clock menu more-arrow no yes mobile

Filed under:

No, Tour de France riders don’t get bored on flat stages ... usually

Long flat stages are the lowlights of every Tour de France, but riders are doing much more in the peloton than you may think.

Julian Alaphilippe in yellow and Peter Sagan in green ahead of Stage 4 of the 2019 Tour de France, which ran 213.4 kilometers across flat ground from Reims to Nancy.
Ryan Siu

Flat stages are the bane of the Tour de France. To get from one gorgeous mountain vista to the next, the Tour sometimes needs to fill in the distance with long transfers that go over relatively uninteresting (though still mostly lovely) landscape in between. These stages are often inconsequential in the yellow jersey competition. From personal experience, they’re good background for summer naps.

For the riders, there is barely any time to be gained in the overall classification, so the biggest names often hold back, preferring to save their effort for the mountains where a good attack can take minutes out of their opponents. Flat stages can feel like exercises in risk management — until the very end, usually the last minute or two of a six-hour stage, when the sprinters bolt for the finish.

At the 2018 Tour de France, several riders criticized a 231-kilometer near-paper flat Stage 7 ride from Fougères to Chartres. Six-time green jersey winner Peter Sagan called it a “boring day.” Movistar’s Alejandro Valverde said long stages like that “make no sense.” For viewers who aren’t fiends for low-level helicopter shots of French châteaus, the action and stakes are too low to stay invested.

But though flats are tough to watch, those participating usually aren’t as bored as you might think. Every stage of the Tour de France is an opportunity for something to go wrong, and that puts riders on edge.

Christian Vande Velde, now a cycling commentator for NBC Sports Network, rode 11 times in the Tour de France. He has occupied both domestique and team leader roles in the Tour before, shepherding Lance Armstrong to two of his stripped yellow jerseys in 1999 and 2001 before finishing fourth in 2008. He says ceasefires flat stages would only occur “once in a blue moon.”

“It’s hard to explain a lot of times just from the chopper or the motorcycle, what you see at home, where it looks like a walk in the park,” Christian Vande Velde says. “In perfect world scenario conditions — let’s say, the break’s out, there’s zero wind, and it’s 65 degrees out, and it’s just a beautiful day — then maybe we’ll have a day that’s civilized. But those days are so far and few between. [There might be] a corner, and then after that there’s going to be exposed crosswinds 50K into the stage. You don’t really have big chunks of time where you truly let your guard down.”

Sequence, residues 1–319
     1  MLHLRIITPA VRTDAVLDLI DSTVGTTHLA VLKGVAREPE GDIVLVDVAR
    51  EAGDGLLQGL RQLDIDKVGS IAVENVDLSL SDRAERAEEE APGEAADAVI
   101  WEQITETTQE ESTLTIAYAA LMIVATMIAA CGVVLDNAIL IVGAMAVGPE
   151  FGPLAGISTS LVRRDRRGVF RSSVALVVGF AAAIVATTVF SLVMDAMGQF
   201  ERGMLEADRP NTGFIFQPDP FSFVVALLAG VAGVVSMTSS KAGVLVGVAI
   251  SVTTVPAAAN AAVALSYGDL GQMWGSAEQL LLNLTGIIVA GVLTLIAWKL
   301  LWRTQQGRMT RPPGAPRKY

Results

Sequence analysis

Team Ineos riders Gianni Moscon, left, and Egan Bernal, right, talking after finishing Stage 1 in Brussels.
Ryan Siu

The misconception that flat stages are “easy” may come from the idea that the Tour de France is solely a competition to win the yellow jersey. True, the maillot jaune is one of the most iconic prizes in sports, but every rider and team has its own goals that may have nothing to do with the general classification. The green jersey competition, for example, rewards the individual with the most points, and is largely considered the “sprinters” jersey because the winner is frequently the rider who most dominated the flats.

Transfer stages are also days for breakaway riders from small wild card teams to earn television coverage for their sponsors and, on occasion, sneak a stage victory.

“The Tour de France, there are maybe five guys who want to win, and then maybe 10, 15 climbers,” says Jens Voigt, who started a record 17-straight Tours. “That still leaves 160 guys out there, they are normal, and they can only win on non-mountain stages.”

Voigt, also now working for NBC, was a breakaway artist who won two individual Tour stages across his career. “I’d go with the breakaway where I know the chances are one to 10 that I don’t make it. But hey, one to 10 is much better than zero, right?”

“People like me, we never had easy days,” he adds. “Earlier in my career I was on a French team, and we never had a GC contender, so every time we would hit the mountains, the sport director would come into our team bus, and in a dramatic gesture he would just close the race book and go, ‘Boys, we are on holiday now. The next three days in the mountains in the Alps, we cannot win, we go on hibernation.’ Which is in a funny way actually stupid. It’s the fucking Tour de France, nobody can be on hibernation.”